This morning as I did my daily reading of Oswald Chambers, it dawned on me what the American pulpit has done to the familiar mandate of Jesus: “If I be lifted up, I will draw all men unto me.”
Here the “I Am” makes a powerful statement about the authority of God and the impact of its revelation when unhindered by the ones through whom it must be delivered.
On the other hand, another axiom is possible and that is if “i” am lifted up, I only draw others to me and do them little good spiritually.
The very mechanics of our tradition may have now turned on us? Its pulpits and platform, in a post-Christian America, may now be drawing attention more to speaker than Spirit?
The division of the Body is evident, now fractured and failing in its mission, “many are of Apollos, others of Cephas” and so on!
Well meaning initially, many have been positioned by their denominational machinery, ill prepared for the challenges of the present day, and must now “perform” in order to compete within a diminishing crowd for their thinning resources.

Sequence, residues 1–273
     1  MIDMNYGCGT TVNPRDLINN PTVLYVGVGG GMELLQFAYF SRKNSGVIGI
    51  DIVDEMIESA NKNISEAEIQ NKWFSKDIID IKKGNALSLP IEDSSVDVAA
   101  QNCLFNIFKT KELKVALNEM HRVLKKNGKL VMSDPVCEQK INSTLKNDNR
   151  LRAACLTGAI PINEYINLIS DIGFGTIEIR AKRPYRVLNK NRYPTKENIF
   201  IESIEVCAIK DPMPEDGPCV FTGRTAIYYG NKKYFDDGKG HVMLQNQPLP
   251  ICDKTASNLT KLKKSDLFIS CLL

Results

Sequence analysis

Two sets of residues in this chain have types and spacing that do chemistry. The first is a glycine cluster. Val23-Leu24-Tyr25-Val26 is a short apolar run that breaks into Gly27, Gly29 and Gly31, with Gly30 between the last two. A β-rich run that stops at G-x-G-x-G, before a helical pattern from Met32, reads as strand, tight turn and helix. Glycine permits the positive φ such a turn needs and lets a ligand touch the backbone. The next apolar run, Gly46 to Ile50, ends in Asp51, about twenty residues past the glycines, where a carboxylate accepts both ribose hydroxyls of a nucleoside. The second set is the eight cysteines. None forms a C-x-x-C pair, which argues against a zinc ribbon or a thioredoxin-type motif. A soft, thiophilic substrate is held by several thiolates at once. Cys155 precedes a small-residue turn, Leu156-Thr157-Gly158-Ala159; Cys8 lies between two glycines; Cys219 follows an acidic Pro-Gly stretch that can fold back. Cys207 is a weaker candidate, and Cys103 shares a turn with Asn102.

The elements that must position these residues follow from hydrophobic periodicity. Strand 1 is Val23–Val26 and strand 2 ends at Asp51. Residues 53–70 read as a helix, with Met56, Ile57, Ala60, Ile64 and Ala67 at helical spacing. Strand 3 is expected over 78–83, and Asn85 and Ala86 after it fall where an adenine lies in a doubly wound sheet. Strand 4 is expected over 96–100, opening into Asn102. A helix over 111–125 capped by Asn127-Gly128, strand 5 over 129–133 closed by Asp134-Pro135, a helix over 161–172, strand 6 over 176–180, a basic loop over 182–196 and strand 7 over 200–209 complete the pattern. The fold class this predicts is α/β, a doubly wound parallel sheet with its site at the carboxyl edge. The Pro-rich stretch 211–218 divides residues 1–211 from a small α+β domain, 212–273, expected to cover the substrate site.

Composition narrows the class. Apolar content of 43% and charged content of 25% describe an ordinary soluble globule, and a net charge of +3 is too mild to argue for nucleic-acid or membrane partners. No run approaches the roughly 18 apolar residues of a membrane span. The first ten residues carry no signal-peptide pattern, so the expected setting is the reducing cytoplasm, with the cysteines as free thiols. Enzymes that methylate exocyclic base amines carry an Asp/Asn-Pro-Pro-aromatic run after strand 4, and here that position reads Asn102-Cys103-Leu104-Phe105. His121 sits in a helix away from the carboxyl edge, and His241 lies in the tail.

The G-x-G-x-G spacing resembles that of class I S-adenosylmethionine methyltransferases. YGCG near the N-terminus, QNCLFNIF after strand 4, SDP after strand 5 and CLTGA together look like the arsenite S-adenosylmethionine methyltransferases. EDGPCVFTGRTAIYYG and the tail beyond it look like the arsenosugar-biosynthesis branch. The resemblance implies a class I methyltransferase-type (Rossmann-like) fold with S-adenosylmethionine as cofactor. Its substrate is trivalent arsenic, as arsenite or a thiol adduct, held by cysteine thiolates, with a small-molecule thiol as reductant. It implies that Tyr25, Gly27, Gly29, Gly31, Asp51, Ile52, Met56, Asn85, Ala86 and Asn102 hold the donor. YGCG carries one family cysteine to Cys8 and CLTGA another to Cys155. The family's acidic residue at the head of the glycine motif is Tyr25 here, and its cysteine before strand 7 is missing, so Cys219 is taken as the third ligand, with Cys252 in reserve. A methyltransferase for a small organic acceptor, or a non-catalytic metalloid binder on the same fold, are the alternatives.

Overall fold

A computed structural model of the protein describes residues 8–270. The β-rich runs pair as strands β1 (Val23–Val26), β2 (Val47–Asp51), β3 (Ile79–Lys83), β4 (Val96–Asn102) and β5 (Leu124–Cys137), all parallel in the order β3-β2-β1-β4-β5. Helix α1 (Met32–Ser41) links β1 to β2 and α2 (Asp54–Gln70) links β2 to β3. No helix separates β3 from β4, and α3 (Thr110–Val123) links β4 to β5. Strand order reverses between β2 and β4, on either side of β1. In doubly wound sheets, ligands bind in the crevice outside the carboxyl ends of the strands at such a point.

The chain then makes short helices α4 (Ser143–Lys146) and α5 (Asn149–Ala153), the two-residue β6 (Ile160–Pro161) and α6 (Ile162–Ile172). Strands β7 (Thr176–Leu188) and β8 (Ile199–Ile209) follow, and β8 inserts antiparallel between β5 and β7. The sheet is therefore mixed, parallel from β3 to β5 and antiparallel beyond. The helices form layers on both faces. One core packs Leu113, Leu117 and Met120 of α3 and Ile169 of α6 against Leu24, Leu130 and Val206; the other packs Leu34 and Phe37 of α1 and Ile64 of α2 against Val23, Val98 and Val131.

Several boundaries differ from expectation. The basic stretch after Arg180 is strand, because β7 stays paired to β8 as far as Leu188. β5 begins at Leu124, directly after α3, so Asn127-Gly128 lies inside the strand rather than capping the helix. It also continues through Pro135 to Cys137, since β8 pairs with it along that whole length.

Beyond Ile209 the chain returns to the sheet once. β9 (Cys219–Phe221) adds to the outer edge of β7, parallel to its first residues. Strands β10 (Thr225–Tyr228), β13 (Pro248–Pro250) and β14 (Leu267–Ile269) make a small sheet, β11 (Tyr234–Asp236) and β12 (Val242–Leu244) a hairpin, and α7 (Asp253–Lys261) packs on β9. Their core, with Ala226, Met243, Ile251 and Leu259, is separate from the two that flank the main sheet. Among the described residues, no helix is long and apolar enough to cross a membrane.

Still others have learned to capitalize on the industry of church and prospered personally as precious kingdom resources are extracted from gullible people of hope, stressed by a nation reeling in her last days.
Is there a better means for delivery of the true “I AM” than the institutional church? I think so, and Jesus modeled that as He called men one by one, to live in relationship with Him. These men later turned their cities on edge and some synagogues around, all within a few decades.
It was not until we got good at doing church (about 300 years) that men were platformed in the same regalia as former Pharisees and began to learn what it meant to lift up themselves as the way to Christ.
Each age crested and its reformists protested, but inevitably, each returned to its own tradition, simply tweaked as needed for the newly enlightened leader.
Is there hope now for a much needed transformation within this new generation? Lest you read into this my despair, I rejoice, for our present suffering as a nation will surely produce perseverance; and that “perseverance, character; and character, hope. And hope does not disappoint us, because God has poured out his love into our hearts by the Holy Spirit, whom He has given us.” (Rom. 5:3-5)
Lift Him up and live into a new day, for a new Church, possibly without walls!